A 3,000-vehicle test of wireless crash-avoidance system
August 22, 2012
Tuesday’s launch of a new year-long test of “smart car” technology conducted by the University of Michigan Transportation Research Institute is designed to save lives and reduce injuries among American motorists.
The researchers plan to install wireless communication devices on nearly 3,000 vehicles that will let passenger cars, commercial trucks, and transit buses “talk” to each other, as well as to traffic lights and other road signals located at intersections, curves and highway sites throughout a test-pilot area in northeast Ann Arbor.
The connected vehicle technology involves both vehicle-to-vehicle and vehicle-to-infrastructure communications that transmit and receive vehicle data such as position, speed and direction.
Drivers are alerted to a potential crash situation —such as a nearby vehicle unexpectedly braking, a sudden lane change, merging traffic, etc. — by a visual or audible warning inside their vehicles.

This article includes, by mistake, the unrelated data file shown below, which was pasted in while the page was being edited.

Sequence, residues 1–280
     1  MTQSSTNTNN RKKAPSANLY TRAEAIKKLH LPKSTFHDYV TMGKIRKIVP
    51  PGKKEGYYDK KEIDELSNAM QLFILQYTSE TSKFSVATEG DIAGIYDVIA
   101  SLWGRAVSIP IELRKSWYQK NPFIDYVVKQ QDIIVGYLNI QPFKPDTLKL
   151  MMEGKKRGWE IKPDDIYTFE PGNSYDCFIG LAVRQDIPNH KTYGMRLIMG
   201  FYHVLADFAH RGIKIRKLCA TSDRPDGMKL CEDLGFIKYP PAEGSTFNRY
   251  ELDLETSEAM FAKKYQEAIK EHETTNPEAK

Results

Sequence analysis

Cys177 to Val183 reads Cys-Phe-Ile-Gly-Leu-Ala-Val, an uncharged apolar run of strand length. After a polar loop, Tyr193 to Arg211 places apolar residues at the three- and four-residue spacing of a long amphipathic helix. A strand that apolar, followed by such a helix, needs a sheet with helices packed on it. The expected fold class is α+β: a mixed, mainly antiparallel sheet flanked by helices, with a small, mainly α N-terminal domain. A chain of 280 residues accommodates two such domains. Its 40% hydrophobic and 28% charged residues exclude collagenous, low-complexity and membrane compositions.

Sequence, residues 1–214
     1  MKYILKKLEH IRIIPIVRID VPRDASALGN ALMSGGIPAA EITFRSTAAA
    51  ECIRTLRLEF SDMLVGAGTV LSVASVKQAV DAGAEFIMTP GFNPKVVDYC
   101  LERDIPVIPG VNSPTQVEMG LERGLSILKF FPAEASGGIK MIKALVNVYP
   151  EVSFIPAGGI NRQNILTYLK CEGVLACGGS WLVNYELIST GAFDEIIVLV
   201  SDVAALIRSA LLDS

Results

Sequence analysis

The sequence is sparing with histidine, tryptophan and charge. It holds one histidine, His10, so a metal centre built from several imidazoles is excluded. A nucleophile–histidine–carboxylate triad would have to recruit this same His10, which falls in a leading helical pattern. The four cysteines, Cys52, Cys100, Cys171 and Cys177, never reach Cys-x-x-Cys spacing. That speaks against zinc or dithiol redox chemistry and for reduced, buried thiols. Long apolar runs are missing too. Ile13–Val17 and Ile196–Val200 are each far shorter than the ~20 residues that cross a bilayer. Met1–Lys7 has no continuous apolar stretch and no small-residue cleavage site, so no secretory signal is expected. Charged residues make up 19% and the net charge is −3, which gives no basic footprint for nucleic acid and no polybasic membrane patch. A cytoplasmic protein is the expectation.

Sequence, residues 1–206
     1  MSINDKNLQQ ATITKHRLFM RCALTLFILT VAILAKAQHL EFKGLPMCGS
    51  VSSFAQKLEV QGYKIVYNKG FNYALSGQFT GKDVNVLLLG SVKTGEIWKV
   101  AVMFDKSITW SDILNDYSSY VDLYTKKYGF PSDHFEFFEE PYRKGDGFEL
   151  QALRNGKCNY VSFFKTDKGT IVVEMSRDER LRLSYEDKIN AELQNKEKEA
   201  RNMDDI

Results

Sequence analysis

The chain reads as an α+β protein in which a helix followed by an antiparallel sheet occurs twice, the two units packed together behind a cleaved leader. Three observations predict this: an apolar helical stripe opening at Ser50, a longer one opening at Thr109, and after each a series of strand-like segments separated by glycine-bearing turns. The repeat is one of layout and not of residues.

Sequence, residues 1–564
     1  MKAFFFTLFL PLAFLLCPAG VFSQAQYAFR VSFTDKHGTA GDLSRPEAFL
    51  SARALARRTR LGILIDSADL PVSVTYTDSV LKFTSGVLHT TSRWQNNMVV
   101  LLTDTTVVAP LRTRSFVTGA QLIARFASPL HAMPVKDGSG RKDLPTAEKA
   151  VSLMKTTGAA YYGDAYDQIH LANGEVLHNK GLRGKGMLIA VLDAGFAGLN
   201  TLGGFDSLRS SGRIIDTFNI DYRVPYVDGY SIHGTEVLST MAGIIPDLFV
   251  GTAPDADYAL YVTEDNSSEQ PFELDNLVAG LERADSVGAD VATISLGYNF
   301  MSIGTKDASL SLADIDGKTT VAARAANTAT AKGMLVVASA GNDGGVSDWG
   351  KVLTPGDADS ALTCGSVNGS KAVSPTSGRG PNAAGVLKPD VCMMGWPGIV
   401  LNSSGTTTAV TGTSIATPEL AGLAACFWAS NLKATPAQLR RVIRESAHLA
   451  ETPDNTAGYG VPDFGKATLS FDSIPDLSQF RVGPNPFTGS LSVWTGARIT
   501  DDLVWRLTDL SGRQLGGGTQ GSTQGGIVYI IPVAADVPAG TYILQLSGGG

The data generated and archived as part of the project will be used to inform future regulatory and policy decisions by the USDOT.
It also will be made available to the transportation industry for use in developing additional approaches to vehicle safety, mobility and environmental sustainability. The testing phase will last one year, but the overall program will operate for 30 months.
Safety Pilot Model Deployment, a $22 million partnership between UMTRI and the U.S. Department of Transportation, is part of a joint research initiative led by the National Highway Traffic Safety Administration to see how well wireless communication technology works in the real world.
It is the largest connected-vehicle, street-level pilot project ever conducted.
No word if drivers will hack into the WiFi to send text messages. — Ed.